Create an effortlessly chic display with a series of matching large containers running the length of your patio. Add brightness to your Cottage gardens and create a gorgeous focal point in your front landscaping beds! Pink Crapes combine well with other colors. Why not try a lovely collection of several varieties from Nature Hills?
Easy care Pink Crape Myrtle lets you enjoy some summer downtime. The most important thing is to give it full sun, at least 6 hours of direct sunlight a day. The more sun, the more flowers!
Try to give Pink Crape Myrtle a planting site with good air circulation and receives direct sunlight in the morning. This is the drying sun and will quickly dry up any overnight dew. This greatly improves the plant’s ability to be resistant to powdery mildew. Use drip irrigation, too, not overhead lawn sprinklers.
Give Crapes a moderate amount of water on a regular basis. Once their roots are established in your native soil, they’ll become drought-tolerant. However, you’ll really see the best flowering with an even amount of water.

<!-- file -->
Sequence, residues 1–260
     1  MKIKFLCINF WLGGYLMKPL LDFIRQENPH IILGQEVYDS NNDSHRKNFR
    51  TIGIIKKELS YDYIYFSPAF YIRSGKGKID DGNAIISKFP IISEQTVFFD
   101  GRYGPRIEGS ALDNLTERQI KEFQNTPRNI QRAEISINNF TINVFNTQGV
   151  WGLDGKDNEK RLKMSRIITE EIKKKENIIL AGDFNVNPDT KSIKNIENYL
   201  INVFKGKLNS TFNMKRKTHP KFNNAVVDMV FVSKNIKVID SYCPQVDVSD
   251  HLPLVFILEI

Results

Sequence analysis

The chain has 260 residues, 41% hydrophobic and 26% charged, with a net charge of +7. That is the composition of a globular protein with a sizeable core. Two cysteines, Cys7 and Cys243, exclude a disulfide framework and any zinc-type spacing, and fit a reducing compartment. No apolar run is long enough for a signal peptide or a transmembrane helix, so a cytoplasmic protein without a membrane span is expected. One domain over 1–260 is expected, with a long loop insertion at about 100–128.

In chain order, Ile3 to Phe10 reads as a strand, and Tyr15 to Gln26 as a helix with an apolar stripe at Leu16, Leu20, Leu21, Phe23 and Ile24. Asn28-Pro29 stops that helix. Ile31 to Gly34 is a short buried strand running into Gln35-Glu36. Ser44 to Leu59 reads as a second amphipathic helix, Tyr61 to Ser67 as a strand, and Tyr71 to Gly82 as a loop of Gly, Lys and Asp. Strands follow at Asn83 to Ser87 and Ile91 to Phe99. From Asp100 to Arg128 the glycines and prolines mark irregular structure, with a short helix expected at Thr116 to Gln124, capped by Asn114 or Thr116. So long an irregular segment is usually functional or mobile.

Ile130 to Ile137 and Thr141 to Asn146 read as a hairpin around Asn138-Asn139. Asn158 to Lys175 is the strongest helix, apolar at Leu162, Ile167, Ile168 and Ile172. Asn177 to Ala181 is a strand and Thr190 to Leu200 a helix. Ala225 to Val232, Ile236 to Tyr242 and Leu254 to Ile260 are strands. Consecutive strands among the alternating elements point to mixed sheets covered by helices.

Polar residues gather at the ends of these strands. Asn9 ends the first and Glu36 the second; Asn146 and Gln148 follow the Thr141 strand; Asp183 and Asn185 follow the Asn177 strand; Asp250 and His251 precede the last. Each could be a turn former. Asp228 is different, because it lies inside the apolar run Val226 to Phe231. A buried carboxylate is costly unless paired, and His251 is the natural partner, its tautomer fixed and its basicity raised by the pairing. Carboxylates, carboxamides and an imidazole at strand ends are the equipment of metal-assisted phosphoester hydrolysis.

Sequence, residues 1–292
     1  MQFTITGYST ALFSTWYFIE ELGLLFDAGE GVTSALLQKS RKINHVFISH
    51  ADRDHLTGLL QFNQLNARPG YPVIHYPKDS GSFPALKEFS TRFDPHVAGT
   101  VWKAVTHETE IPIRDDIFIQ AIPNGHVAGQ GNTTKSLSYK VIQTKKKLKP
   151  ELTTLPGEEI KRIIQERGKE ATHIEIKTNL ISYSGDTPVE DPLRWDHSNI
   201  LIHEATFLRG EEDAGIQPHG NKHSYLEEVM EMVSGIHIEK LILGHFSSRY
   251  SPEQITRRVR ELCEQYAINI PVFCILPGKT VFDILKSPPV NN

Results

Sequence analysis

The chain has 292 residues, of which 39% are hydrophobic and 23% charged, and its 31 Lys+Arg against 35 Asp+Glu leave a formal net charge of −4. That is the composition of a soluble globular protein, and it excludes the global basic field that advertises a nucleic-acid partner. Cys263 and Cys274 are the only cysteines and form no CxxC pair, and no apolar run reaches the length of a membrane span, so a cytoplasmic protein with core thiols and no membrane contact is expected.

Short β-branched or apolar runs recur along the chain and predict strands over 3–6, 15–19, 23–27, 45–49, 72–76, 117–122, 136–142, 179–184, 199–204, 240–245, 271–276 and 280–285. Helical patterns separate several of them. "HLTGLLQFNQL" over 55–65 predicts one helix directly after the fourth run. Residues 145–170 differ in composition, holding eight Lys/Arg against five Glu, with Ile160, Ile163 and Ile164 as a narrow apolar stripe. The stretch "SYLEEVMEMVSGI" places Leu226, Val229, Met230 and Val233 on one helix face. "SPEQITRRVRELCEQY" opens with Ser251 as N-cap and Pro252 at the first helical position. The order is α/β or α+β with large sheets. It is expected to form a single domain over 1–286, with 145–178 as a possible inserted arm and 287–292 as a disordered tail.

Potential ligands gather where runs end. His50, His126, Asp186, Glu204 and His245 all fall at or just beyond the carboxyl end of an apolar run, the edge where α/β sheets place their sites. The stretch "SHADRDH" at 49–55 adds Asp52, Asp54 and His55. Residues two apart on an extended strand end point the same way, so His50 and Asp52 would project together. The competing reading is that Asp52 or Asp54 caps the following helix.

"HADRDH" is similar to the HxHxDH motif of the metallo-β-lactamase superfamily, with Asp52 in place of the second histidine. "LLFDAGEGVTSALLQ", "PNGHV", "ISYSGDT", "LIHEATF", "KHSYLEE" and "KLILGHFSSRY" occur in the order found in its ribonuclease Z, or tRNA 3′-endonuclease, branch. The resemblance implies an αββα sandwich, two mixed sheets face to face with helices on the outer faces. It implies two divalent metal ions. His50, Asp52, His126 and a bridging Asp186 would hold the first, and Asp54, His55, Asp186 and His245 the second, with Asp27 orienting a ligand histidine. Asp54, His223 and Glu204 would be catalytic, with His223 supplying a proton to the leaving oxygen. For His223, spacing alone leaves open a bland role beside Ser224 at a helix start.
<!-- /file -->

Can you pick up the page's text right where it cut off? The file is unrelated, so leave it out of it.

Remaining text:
Crapes perform best in well-drained soils. If you have heavy clay soil that stays wet for a long time after a rainfall, you’ll need to mound up. Bring in additional soil in a heaped mound that is 12 – 18 inches tall and 3 feet wide. Plant directly in that mound.
Jazz up your plantings with a 3-4 inch layer of mulch. Pull it back from around the trunk, but be liberal in the amount you use. Plants love mulch covering their root systems. It also ties the look of your planting together.
The massive pink flower clusters are born on the branch tips on new growth. You can prune to the correct shape before it starts growing in late winter or very early spring. During the growing season, this deciduous shrub produces clusters of charmingly frilly flowers that last for months. If they begin to fade, feel free to deadhead spent blooms, they will likely rebloom for you!
Pink Crape Myrtle has something to offer whatever the season, and it will certainly bring you enjoyment!
|Common name||Pink Crape Myrtle Shrub|
|Botanical name||Lagerstroemia indica pink selection|
|Height||10 - 20 ft.|
|Width||6 - 8 ft.|
|Pruning time||Early Spring|